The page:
Nationally renowned pitmaster Nelson Colwell serves up a BBQ feast 


There wasn't a parking spot to be had at a sold-out Headmaster's Pub on Saturday, where nationally recognized BBQ pitmaster Nelson Colwell wowed the hungry Rappahannock crowd.

Stepping from the busy kitchen of Headmaster’s Pub into the bright Sperryville sunshine if only for a brief moment last Saturday you would have thought that it was Nelson Colwell who’d just been crowned president. 

Younger women and older men, Democrats and Republicans, everybody — and boy was the place ever packed — wanted to meet the award-winning pitmaster and shake his hand. 

Colwell, after all, is one of this country’s undisputed kings of barbecue. And he hangs his tongs right here in Rappahannock County.

“I fell in love with barbecue as a child,” Colwell explained while poking his head into the largest of all his smokers — a shiny black, 15-rack monstrosity he’s nicknamed “Goliath.”

“The first time I had barbecue it sort of changed my life. It really got me wanting to learn more about food. I was a young boy at the time, living in Northern Virginia,” he recalled. “When I got old enough to buy my own smoker in high school … I started cooking in the backyard. And my early attempts were horrible.”

Which in the precise world of slow-cooked BBQ is to be expected, considering the tremendous amount of training and effort that goes into a plate of “Carolina,” “Memphis,” “St. Louis,” and so on. “Life is a game,” the saying goes, “barbecue is serious.” It’s not like tossing a chicken and some pineapple onto the backyard grill.

“In my mid twenties I learned about this whole competition circuit thing” Colwell continued. “And I’m a very competitive person by nature. So I learned more about it and found out that I could go and become a certified barbecue judge. So I did that first, I learned what the judges were looking for. And I took that to my very first contest in Rocky Mount, North Carolina in 2008.”

How’d he do? 

“I won first place in chicken and got hooked.”

A resident of Flint Hill who is both director of information technology and director of sales and marketing at the Inn at Little Washington, Colwell didn’t stop in Rocky Mount.


"I fell in love with barbecue as a child," says pitmaster Nelson Colwell (center), flanked by Headmaster's executive chef Lee Ann McGovern and general manager Chris Maloney. Behind the trio is "Goliath," the largest smoker in Colwell's collection.

“I competed for four more years on the Kansas City barbecue circuit, a lot of first-place trophies,” he offered rather modestly. “I won six state grand championships and was invited to the world championships in Kansas City several times, competed out there. Really had a great run of it.”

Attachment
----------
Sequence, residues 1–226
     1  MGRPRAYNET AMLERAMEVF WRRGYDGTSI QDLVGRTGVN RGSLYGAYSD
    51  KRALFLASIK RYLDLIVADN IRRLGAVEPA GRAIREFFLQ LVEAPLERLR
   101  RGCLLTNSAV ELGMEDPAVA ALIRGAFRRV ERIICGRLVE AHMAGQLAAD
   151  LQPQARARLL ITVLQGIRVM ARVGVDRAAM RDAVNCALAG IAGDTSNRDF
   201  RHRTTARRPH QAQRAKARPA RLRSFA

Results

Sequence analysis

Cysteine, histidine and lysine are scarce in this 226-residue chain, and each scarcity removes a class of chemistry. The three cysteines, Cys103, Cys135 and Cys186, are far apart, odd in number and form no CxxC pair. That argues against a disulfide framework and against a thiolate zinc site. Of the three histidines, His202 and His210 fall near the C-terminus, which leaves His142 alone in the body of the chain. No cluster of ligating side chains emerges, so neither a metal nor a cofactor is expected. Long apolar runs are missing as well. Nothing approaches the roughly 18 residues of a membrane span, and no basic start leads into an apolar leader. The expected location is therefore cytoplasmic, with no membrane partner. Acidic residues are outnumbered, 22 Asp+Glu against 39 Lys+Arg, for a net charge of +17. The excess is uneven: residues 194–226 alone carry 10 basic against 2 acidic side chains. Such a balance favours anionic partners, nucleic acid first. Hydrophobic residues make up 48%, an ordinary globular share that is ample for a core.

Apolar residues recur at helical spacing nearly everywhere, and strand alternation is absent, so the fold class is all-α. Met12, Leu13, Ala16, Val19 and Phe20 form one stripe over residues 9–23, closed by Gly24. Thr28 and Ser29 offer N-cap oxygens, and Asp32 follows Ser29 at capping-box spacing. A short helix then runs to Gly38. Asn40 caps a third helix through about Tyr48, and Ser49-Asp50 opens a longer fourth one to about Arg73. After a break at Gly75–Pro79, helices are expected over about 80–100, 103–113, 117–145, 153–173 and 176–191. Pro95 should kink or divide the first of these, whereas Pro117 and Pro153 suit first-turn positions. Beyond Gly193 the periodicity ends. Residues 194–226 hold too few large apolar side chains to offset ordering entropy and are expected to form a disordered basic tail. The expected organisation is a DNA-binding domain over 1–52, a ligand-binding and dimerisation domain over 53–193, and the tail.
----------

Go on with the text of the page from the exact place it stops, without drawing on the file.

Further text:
He attended culinary school, and while juggling other professional responsibilities became executive pitmaster at Shawn’s BBQ of Culpeper, and pitmaster of his own Old Dominion Smokehouse - Championship Barbecue, finally reaching the point “where I made some changes in my life,” as he described it.

“I changed it from competition to cooking for church and cooking for the homeless and other charity things,” said the pitmaster. “I have an IT background, that’s what I did professionally. So this IT position opened up at the Inn at Little Washington and I thought, ‘Great, I can go and be with all these culinary people and still do what I do.’ So I’ve been [at the Inn] for the past seven years, and just recently started cooking more as more people encouraged me.”

At the expansive grounds of a sold-out Headmaster’s Pub on Saturday, Colwell pulled from his amazingly restored Goliath — “raised from the dead on Maryland’s Eastern Shore, where I found it all rusted,” noted the pitmaster — champion pulled pork barbecue, black pepper-crusted beef brisket, pecan-smoked pulled chicken, and pit portobello mushroom caps. 

All slow cooked, by the way, over Colwell’s preferred pecan wood he brings up from Alabama.

Lee Ann McGovern, Headmaster’s executive chef who worked for several years with Colwell at the Inn at Little Washington (Chris Maloney, the Inn’s former dining room manager among other senior titles, has recently become Headmaster’s general manager), complemented each plate of barbecue with Shenandoah sweet cornbread with local honey butter, mac and cheese, and last but not least heaping spoonfuls of loaded pitmaster beans and signature coleslaw.

Ten percent of the day’s food sales went to the Rappahannock Food Pantry.

Sign up for the C-19 Daily Update, a free newsletter delivered to your email inbox every morning. }